Block on Trump's Asylum Ban Upheld by Supreme Court
The prison reform lite passed by California's legislature last week formed the basis of the plan California will submit today, as required, to a panel of three federal judges. The plan fslls woefully short of what the judges ordered. What happens next?
As previously discussed, years of litigation over prison conditions resulted in a federal court order in early August for California to find a way to trim its prison population by over 40,000 in two years in order to bring the state in line with the barest minimum of Constitutional standards regarding access to health care in prisons. Critically, the court found that drastic overcrowding was the cause of California's unconstitutional prison conditions.
Last week, California's legislature, after weeks of bickering and political posturing over who is tough on crime, passed legislation estimated to cut the prison population by 16,000.
Today, the state submits its court ordered plan to the federal judges. As the Sacramento Bee reports, the plan includes the 16,000 prisoner cut, plus another 2,500 prisoners to be sent out of state, 1,000 to private prisons and 7,600 to be housed in new facilities.
Still, the plan trims the head count in current prisons by just over 27,000 -- far short of the 40,000+ required by the court order.
Here are the most likely ways this could play out:
In any case, the fight looks likely to end up before the Supreme Court. As reported by the Bee, this was the aim of some California legislators, such as Republican state Senator George Runner, who said "I assume the court is going to find this totally inadequate. ... I hope they find it inadequate, reject it and then we appeal to the Supreme Court."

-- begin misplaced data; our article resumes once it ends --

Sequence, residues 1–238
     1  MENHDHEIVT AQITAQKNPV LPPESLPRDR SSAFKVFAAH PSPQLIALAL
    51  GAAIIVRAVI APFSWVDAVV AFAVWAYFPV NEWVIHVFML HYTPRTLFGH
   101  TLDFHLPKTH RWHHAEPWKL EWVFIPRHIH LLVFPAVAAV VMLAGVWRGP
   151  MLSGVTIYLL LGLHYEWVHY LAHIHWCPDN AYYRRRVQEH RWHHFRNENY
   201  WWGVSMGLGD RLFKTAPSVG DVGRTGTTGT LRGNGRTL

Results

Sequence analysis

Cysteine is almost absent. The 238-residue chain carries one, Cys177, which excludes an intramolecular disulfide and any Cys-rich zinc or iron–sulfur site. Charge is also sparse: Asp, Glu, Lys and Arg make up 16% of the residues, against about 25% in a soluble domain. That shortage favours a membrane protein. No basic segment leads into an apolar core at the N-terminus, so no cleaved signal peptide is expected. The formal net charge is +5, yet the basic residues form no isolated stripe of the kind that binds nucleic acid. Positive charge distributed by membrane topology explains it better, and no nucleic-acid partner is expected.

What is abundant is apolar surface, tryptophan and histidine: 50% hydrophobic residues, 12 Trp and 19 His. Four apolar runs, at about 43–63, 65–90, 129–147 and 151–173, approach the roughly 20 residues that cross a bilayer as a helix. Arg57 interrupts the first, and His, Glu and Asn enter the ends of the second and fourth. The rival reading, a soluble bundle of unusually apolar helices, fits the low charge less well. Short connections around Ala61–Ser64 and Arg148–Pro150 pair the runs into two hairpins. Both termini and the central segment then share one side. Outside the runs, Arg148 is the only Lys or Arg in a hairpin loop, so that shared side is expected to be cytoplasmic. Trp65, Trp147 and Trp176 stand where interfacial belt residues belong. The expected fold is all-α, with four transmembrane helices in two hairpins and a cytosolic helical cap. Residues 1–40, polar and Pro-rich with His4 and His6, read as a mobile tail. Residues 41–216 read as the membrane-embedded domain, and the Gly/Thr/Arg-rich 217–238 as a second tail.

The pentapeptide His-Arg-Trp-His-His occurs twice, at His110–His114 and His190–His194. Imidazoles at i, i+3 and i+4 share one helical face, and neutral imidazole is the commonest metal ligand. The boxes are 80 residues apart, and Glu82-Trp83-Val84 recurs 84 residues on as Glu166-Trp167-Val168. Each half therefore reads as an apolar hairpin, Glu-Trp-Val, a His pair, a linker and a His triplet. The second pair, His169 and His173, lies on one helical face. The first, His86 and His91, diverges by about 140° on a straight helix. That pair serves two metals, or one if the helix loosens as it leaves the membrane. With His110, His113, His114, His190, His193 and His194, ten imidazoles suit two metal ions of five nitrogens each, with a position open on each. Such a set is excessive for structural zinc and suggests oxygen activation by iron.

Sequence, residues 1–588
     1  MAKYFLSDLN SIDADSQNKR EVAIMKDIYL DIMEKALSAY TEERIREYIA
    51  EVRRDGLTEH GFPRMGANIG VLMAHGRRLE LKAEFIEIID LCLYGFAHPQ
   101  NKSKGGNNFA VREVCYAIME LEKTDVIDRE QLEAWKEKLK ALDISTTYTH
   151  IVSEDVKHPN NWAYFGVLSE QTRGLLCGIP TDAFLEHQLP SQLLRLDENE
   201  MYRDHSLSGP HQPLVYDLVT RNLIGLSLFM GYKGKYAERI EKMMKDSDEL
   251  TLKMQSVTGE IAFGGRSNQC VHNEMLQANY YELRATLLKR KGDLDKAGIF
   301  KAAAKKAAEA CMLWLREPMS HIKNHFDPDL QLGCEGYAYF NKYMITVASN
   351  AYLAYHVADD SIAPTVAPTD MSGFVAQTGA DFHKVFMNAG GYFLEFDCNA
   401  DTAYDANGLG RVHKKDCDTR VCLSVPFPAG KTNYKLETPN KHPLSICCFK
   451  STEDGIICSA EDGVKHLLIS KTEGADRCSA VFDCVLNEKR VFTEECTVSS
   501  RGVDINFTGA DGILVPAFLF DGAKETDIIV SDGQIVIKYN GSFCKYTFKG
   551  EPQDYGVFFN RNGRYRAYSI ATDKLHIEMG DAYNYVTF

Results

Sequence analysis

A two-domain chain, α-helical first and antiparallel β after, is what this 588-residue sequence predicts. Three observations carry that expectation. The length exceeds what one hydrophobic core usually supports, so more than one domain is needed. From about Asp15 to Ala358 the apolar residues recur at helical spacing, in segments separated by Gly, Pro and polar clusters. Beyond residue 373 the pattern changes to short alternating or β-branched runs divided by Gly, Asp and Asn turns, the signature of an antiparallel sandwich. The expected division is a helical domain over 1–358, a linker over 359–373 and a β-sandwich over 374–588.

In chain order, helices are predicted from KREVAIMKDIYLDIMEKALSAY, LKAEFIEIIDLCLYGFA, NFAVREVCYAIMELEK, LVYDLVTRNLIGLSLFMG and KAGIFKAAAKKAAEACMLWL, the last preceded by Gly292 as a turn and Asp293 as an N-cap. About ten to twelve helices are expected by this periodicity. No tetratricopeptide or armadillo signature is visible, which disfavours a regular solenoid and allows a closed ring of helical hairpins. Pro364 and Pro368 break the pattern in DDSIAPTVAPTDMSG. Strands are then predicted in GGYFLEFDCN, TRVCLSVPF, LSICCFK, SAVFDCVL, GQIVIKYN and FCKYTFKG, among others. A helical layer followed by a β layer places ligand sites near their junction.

As we discussed previously, the Supreme Court appeared likely to accept the case once it's ripe. They refused to step in and stop California from having to submit a plan, but indicated they would take the case once the court issues a final order requiring actual prisoners be released.
This question will involve interpretation of the Prison Litigation Reform Act of 1996 (the PLRA). Specifically, for a federal court to issue a prisoner release order to cure inadequate prison conditions, the PLRA requires that those seeking such relief prove that prison overcrowding is the primary cause of the denial of a federal right.
The three judge panel found California's denial of medical and mental health care to prisoners to violate the 8th Amendment's ban on cruel and unusual punishment. If and when this fight goes before our highest court, the merits would likely come down to whether or not that denial of health care was primarily caused by overcrowding (as thinks the federal court) or caused more equally by a combination of multiple factors (as California argues).